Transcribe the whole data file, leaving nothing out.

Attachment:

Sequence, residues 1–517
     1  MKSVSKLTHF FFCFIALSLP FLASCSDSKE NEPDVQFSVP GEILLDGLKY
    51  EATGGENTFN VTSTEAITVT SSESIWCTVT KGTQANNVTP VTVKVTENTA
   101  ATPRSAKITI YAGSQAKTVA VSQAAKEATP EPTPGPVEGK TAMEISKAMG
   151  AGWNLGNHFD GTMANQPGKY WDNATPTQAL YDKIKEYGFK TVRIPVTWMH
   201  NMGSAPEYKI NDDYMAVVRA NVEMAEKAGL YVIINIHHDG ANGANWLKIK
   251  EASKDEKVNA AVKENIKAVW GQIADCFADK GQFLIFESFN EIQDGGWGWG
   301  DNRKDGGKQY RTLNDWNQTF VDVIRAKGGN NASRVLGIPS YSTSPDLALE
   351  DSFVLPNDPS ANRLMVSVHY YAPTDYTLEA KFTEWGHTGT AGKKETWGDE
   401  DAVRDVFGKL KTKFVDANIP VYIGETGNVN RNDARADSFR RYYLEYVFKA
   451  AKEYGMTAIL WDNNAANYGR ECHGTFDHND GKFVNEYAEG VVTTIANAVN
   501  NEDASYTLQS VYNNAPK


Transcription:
Sequence, residues 1–517
     1  MKSVSKLTHF FFCFIALSLP FLASCSDSKE NEPDVQFSVP GEILLDGLKY
    51  EATGGENTFN VTSTEAITVT SSESIWCTVT KGTQANNVTP VTVKVTENTA
   101  ATPRSAKITI YAGSQAKTVA VSQAAKEATP EPTPGPVEGK TAMEISKAMG
   151  AGWNLGNHFD GTMANQPGKY WDNATPTQAL YDKIKEYGFK TVRIPVTWMH
   201  NMGSAPEYKI NDDYMAVVRA NVEMAEKAGL YVIINIHHDG ANGANWLKIK
   251  EASKDEKVNA AVKENIKAVW GQIADCFADK GQFLIFESFN EIQDGGWGWG
   301  DNRKDGGKQY RTLNDWNQTF VDVIRAKGGN NASRVLGIPS YSTSPDLALE
   351  DSFVLPNDPS ANRLMVSVHY YAPTDYTLEA KFTEWGHTGT AGKKETWGDE
   401  DAVRDVFGKL KTKFVDANIP VYIGETGNVN RNDARADSFR RYYLEYVFKA
   451  AKEYGMTAIL WDNNAANYGR ECHGTFDHND GKFVNEYAEG VVTTIANAVN
   501  NEDASYTLQS VYNNAPK